TorqueScript files are essentially text files. This means you have several editors to choose from. Some users prefer to use the stock OS text editors: Notepad on Windows or Text Edit on OS X. Others will use their programming IDEs (Interactive Development Environments), such as Visual Studio for Windows or Xcode on OS X. Third party applications are the most popular choice:

On Windows


  • Torsion - Torsion is undeniably the best TorqueScript IDE was developed by Torque veterans Sickhead Games. If you are developing on Windows, this is the first thing you should purchase after iTorque 2D. No other editor offers this level of quality and functionality:
    • Integrated "One Click" script debugging.
    • Full control over script execution via step and break commands.
    • Advanced editor features like code folding, line wrapping, auto-indent, column marker, automatic bracket matching, and visible display of tabs and spaces.
    • Goto line and text searching.
    • ScriptSense updated dynamically as you type.
    • Customizable syntax highlighting for TorqueScript.
    • Unlimited undo/redo buffer.
    • Code browser window for exploring both engine exports and script symbols in your project.


  • Notepad++ - This is a free (as in "free speech" and also as in "free beer") source code editor and Notepad replacement that supports several languages.
  • UltraEdit - UltraEdit is a powerful disk-based text editor, programmer's editor, and hex editor that is used to edit TorqueScript, HTML, PHP, javascript, Perl, C/C++, and a multitude of other coding/programming languages.



  • Xcode - Xcode is Apple's premiere development environment for Mac OS X. If you plan on modifying iTorque 2D's source code, you will need this anyway. Most developers at GarageGames use Xcode to modify their scripts on a Mac.
  • Text Edit - This is the OS X default text editor. With no bells or whistles, this is not the best editor you can use on OS X, but it is free and ships with the OS.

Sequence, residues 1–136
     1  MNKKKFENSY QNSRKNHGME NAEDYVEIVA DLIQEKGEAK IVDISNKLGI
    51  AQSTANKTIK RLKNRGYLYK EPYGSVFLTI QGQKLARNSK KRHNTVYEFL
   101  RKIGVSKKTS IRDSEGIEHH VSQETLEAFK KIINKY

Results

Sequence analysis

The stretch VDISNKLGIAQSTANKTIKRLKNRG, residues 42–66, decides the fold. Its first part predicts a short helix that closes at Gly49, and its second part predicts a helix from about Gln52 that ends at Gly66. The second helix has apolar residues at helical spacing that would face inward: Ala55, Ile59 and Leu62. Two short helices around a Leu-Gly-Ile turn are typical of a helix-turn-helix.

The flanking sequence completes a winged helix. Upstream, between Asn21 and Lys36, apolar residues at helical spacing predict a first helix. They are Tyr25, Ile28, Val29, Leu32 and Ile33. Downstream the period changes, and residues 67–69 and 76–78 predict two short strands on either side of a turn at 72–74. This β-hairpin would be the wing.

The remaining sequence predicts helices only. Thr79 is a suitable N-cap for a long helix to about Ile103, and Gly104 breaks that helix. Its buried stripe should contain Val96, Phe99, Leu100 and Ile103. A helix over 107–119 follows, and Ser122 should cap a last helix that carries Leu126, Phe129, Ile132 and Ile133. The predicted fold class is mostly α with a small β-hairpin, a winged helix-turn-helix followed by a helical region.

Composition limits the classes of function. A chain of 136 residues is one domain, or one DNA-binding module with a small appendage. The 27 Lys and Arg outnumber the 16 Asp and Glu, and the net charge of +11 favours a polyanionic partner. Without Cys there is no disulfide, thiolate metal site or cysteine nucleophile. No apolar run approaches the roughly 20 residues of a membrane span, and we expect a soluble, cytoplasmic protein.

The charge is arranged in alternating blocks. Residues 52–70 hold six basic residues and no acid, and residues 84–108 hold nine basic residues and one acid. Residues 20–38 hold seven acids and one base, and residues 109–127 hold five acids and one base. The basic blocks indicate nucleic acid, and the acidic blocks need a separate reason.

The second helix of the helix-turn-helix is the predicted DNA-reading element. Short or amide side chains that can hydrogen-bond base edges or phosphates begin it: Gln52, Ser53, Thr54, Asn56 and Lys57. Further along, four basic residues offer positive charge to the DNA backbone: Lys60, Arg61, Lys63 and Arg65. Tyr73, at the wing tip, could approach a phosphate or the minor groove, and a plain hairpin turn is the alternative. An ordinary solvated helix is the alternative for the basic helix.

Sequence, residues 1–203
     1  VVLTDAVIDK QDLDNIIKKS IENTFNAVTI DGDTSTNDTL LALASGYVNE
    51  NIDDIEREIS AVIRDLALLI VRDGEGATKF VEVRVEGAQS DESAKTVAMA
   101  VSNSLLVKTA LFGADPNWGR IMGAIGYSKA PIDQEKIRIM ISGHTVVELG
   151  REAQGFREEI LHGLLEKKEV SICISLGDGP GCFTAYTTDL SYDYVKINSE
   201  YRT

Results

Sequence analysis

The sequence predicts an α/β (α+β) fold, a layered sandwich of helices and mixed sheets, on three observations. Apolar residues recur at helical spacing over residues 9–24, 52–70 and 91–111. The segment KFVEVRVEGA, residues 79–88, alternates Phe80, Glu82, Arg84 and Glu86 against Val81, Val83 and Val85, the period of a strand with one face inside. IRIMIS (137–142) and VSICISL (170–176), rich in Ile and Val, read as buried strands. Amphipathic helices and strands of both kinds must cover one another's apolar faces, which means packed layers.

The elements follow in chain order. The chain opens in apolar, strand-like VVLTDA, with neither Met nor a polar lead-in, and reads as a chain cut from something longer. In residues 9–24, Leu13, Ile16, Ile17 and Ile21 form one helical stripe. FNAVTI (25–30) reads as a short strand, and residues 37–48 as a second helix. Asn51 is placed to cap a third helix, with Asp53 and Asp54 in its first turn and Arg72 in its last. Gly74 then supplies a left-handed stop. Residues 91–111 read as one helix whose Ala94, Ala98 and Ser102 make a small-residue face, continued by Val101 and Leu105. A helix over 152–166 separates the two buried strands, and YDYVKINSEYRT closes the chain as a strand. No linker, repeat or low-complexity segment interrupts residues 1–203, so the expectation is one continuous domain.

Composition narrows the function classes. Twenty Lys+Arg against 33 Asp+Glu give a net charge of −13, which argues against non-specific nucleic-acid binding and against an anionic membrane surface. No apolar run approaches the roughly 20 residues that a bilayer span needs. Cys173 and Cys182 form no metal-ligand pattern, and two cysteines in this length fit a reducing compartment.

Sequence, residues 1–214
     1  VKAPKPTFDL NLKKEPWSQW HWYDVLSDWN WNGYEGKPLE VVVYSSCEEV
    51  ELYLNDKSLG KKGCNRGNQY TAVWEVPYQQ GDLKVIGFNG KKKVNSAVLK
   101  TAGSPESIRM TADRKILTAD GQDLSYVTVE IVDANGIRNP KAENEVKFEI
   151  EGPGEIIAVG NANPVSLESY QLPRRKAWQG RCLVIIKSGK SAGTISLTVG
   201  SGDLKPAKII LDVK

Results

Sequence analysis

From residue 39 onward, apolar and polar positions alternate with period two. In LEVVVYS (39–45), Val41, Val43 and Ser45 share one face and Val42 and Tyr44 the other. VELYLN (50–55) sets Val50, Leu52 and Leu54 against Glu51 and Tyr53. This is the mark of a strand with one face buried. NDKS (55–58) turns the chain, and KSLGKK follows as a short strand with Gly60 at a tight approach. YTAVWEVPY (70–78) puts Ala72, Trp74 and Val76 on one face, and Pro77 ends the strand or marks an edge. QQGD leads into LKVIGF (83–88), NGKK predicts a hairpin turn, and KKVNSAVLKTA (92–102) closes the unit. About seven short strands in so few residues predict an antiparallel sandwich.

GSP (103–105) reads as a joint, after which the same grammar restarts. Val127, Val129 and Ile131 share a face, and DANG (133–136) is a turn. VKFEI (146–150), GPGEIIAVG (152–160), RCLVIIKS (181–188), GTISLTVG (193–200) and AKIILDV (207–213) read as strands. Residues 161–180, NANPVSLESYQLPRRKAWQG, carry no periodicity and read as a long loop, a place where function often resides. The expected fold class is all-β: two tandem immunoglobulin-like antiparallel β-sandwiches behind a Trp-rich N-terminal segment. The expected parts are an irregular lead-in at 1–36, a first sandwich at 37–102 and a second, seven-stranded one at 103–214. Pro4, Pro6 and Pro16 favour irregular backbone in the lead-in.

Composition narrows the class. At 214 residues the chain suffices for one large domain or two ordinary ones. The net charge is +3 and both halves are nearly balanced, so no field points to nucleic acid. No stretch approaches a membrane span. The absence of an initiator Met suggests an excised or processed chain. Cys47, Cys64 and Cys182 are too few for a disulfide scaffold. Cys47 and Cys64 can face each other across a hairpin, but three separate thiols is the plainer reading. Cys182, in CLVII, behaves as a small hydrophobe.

• TIDE - Torque Integrated Development Environment (TIDE) is a free, cross-platform IDE for Torque Game Engine scripting by Paul Dana and Stefan Moises. It is implemented in Java as a "plugin suite" for the jEdit text editor and contains plugins for syntax highlighting, function browsing, script debugging, etc.
  • Smultron - Smultron is a text editor written in Cocoa for Mac OS X Leopard 10.5 which is designed to be both easy to use and powerful.

Getting Started

Like the rest of the documentation, the TorqueScript guides should be read in order (from top to bottom in the table of contents). This means you should start by reading the Syntax Guide. If you have never written TorqueScript before, DO NOT SKIP the Syntax Guide.

The docs in the Simple Tutorials will provide you with working code meant to show off syntax and basic TorqueScript structures. This is where you will create, edit, debug, and execute your first scripts.

Finally, the Advanced Tutorials section will walk you through complex functionality and algorithms. These tutorials make full use of iTorque 2D's editors, input system, behaviors and TorqueScript. These examples will even get into game play mechanics.

If you simply need a quick reference while writing scripts, you can read through the TorqueScript Reference Guide.